O'Reilly logo

Influence Without Authority, 3rd Edition by David L. Bradford, Allan R. Cohen

Stay ahead with the world's most comprehensive technology and business learning platform.

With Safari, you learn the way you learn best. Get unlimited access to videos, live online training, learning paths, books, tutorials, and more.

Start Free Trial

No credit card required

Chapter 13Influencing Difficult Colleagues

With very few exceptions, everyone at work is dependent on colleagues to get his or her work done. That's the nature of current organizations: complex, interdependent tasks and specialized roles have increased the need for people to work together across departments to deliver complicated products and services. The first seven chapters of this book deal with many of the problematic collegial relationships. But some colleagues are particularly difficult to influence.

The core concepts, exchange and reciprocity, are still central to gaining cooperation with them. Even the colleagues who are also competitors might respond when they see that they will get something they value when they give you what you need. But that seldom is easy and often requires changes in mind-set.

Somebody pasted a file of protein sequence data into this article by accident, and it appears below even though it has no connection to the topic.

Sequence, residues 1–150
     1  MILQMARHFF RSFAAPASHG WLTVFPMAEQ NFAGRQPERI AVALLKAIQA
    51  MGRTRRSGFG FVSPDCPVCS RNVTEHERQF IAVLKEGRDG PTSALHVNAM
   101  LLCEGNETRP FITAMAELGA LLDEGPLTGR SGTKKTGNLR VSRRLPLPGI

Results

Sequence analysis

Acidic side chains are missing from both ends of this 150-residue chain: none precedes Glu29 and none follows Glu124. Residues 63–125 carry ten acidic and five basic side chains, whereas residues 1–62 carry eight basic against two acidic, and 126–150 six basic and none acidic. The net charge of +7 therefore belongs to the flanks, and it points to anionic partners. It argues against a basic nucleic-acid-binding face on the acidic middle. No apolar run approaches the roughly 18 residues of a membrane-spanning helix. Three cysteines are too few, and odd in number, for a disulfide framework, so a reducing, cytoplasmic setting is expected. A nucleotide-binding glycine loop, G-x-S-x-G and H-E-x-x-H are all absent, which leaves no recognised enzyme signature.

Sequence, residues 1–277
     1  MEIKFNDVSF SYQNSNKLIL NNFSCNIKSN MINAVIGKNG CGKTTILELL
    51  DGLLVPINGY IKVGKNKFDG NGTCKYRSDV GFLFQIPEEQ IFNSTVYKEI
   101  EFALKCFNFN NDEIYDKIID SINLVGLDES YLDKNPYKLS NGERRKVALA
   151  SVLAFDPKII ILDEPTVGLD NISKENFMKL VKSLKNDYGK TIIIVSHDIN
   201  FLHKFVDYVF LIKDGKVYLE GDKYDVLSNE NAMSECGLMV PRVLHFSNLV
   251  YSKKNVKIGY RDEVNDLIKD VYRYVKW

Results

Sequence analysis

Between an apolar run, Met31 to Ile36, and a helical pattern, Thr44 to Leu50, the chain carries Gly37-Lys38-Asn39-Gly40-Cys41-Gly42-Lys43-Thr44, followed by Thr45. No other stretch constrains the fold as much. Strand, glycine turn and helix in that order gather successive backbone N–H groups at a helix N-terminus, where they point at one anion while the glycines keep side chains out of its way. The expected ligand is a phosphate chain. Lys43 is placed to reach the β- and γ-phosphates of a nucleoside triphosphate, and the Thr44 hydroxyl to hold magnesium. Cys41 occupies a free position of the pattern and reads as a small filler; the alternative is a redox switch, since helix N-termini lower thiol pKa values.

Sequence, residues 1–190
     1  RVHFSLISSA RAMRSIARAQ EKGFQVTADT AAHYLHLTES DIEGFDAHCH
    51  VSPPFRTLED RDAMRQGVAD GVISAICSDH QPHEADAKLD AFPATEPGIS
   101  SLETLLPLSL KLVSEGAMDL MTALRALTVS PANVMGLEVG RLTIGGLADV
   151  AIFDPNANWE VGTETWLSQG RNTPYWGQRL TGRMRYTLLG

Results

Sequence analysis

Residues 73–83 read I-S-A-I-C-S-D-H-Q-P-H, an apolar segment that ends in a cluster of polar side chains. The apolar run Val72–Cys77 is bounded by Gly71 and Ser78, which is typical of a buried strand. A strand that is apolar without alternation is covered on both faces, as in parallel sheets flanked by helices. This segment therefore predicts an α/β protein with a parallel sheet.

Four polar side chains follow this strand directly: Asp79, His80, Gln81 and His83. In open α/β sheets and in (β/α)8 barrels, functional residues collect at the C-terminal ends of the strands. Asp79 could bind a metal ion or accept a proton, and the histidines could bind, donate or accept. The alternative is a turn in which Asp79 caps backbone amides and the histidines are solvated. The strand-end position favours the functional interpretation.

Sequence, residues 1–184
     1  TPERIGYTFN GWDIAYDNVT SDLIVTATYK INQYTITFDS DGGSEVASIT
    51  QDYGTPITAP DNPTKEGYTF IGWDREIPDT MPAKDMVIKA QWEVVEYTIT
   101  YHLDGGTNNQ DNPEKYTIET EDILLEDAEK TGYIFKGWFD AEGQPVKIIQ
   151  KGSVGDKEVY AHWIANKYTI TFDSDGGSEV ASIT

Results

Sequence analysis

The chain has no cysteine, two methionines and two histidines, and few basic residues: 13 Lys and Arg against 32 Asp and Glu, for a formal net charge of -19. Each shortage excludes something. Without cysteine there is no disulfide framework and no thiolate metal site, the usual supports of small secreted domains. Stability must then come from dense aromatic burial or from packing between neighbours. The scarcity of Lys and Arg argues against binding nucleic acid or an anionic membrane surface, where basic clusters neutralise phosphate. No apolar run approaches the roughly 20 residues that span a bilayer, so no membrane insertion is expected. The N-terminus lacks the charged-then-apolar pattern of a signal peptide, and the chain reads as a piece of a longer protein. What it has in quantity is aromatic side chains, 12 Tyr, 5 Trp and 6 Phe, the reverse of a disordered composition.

Friendly Competitors: “Co-Opetition”

One great challenge in organizations is how to balance your dependence on peers you have to get along with yet also compete with—for resources, attention from the boss and others, rewards, and promotions. Even organizations without forced rankings among department members (like the ones at GE until recently) have some implicit competition; the flattest, most collaborative organizations also have limitations on resources, advancement, and other opportunities. The difference is one of degree and overtness about differentiation. At the ...

With Safari, you learn the way you learn best. Get unlimited access to videos, live online training, learning paths, books, interactive tutorials, and more.

Start Free Trial

No credit card required